Converting offices to hotels using a SIPP or SSAS - food for thought - March 2022

One overlooked area of the property market offers opportunities for SIPP and SSAS members, as this article from Options Pensions UK explains. 
What began as a surprisingly straight forward transition towards a hybrid form of working during early Spring of 2020 has, for many, become the preferred method by which they earn a living. Two years on, there is little enthusiasm for a wholesale return to the office when working from home (WFH) is a more palatable alternative for millions of people. 
The scale of this reluctance to revert to traditional working patterns was recently estimated by CBRE, the world’s largest real estate group, which projected a 9% fall in demand for office space between 2021 and 2024. The outlook was reiterated by the Royal Institution of Chartered Surveyors (RICS), which reported that 93% of UK businesses expect to ‘scale back’ their office footprint by the end of 2023. 
This scenario is not necessarily replicated across the whole office sector: demand for modern, environmentally sound premises remains solid, but prime offices account for just 15% of the total UK market.
While offices struggle to attract people back to their workplace, it’s a different story for hotels, which have enjoyed a renaissance, both in terms of popularity and occupancy. 
According to statistics published by Visit Britain in February 2022, after plummeting by 56% between 2019 and 2020, hotel occupancy rates have since soared and are expected to reach pre-pandemic levels later this year. Moreover, the hotel renaissance is a nationwide phenomenon. Data collated from four separate surveys, conducted over three months to January 2022, highlighted the continued appeal to visitors of cities as geographically diverse as Liverpool, Bath, Cambridge, Manchester, Cardiff, Norwich, Bristol, York and Durham. 
The relative decline in value of centrally-located offices, coupled with  a corresponding surge in demand for city-based hotel rooms has not gone unnoticed by investors, many of whom are exploring the possibility of using their SIPP (or SSAS) as a means by which they may acquire empty, attractively-priced, office space and convert it to an hotel.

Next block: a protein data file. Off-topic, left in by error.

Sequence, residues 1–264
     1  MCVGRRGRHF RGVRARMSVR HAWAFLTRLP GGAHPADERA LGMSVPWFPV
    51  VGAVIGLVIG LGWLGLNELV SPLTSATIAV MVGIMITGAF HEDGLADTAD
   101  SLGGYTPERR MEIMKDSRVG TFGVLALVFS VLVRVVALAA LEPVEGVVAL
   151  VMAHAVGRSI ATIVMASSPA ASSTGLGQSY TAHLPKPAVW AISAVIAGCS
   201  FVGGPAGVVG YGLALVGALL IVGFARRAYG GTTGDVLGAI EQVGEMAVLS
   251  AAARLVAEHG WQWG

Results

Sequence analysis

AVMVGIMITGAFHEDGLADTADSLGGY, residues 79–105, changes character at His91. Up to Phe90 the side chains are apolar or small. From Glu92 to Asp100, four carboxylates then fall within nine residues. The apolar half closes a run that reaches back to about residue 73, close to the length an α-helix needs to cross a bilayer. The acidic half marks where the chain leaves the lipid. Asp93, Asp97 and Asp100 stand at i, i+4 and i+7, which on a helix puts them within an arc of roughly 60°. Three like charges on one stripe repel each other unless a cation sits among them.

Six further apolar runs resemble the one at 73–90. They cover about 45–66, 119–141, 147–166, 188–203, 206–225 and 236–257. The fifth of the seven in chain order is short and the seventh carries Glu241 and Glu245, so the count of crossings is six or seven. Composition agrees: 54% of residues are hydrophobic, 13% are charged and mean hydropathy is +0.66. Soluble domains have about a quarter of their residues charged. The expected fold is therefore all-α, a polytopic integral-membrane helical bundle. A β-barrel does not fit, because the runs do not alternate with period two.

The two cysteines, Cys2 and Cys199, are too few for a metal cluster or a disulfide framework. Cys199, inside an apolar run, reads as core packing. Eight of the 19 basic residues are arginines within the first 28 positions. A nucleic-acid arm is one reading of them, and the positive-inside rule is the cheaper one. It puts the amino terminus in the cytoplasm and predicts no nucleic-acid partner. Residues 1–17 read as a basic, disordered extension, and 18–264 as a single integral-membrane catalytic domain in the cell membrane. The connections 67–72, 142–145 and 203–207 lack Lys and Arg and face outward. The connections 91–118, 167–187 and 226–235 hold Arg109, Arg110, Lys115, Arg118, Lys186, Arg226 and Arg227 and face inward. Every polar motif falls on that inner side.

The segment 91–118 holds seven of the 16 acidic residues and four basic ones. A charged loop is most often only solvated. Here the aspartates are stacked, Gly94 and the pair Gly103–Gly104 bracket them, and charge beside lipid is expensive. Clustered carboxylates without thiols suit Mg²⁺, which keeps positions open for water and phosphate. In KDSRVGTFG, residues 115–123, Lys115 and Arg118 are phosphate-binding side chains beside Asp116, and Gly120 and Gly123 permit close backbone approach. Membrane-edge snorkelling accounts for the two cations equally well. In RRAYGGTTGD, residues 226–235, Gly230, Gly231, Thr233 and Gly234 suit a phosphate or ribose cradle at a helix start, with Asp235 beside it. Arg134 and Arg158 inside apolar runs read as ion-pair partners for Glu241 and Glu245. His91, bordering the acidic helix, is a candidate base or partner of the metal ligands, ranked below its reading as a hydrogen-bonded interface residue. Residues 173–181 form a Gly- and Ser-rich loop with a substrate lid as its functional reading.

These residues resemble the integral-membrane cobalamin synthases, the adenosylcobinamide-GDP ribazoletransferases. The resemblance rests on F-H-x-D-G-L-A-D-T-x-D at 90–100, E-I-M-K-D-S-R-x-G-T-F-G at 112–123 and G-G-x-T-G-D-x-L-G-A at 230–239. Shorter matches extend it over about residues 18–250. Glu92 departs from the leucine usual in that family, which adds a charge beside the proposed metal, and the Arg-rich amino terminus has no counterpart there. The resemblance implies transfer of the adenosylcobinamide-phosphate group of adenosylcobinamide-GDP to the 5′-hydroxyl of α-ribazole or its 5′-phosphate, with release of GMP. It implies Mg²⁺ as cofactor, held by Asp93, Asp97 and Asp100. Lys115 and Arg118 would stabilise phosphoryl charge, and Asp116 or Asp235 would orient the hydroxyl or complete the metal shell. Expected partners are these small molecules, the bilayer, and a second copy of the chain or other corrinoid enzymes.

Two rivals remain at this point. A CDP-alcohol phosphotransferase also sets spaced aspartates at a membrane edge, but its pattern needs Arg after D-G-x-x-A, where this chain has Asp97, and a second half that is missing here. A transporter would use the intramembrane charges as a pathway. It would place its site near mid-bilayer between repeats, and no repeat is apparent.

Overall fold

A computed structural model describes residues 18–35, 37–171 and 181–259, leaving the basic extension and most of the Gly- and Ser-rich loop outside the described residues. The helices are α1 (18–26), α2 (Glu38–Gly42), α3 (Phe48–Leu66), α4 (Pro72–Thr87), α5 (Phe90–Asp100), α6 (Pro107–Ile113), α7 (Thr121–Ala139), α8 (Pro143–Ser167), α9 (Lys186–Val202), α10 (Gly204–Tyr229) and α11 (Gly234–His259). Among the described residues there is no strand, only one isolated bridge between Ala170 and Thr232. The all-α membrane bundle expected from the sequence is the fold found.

Converting or renovating commercial property within a SIPP, either by using invested funds or supplementing them with an element of borrowing, is becoming increasingly popular with investors as HMRC rules permit a SIPP to borrow up to 50% of its net value. 
Moreover, should an individual investor not have enough money within their SIPP or SSAS with which to acquire and convert an office, Group Investment Agreements (GIA), prepared by companies specialising in SIPP administration, ensure that a property can be acquired on behalf of more than one SIPP.  
“The GIA confirms ownership details, plus the debt shares of each SIPP, in addition to outlining the process for selling, or leasing the property following conversion,” says Lisa Bardell, Business Partnership Manager of Milton Keynes-based Options Pensions UK, an experienced Commercial Property in Pensions specialist.
Prior to the commencement of development works, it’s important that investors research the project in detail, noting likely future visitor demand, as well as sounding out prospective lessees, such as hotel operators. Note should also be made of up-front costs, including business rates and insurance expenses which remain payable while development works continue. 
Once this preliminary process is complete, investors may wish to discuss their proposition with a SIPP or SSAS professional capable of guiding them through additional requirements.
Ordinarily, professional administrators will require a chartered surveyor to confirm whether the conversion costs are reasonable, a process which allows them to demonstrate to HMRC that the costs should be borne by the SIPP(s) or SSAS(s). 
Investors can also expect to have their target property professionally valued, while obtaining the necessary planning permission is pivotal to the investment process.  Furthermore, all funding required for the works and associated costs, including VAT,* must be in the SIPP(s) or SSAS(s) before any contracts are signed and development work commences.      
There’s plenty of effort involved in such projects, but the potential rewards are proving sufficient motivation for SIPP and SSAS pension members intent on acquiring attractively-priced office buildings and converting them to hotels. 
Footnote: *VAT is recoverable although any VAT exemption must be waived prior to the commencement of development works. Reclaiming VAT can take up to five months.
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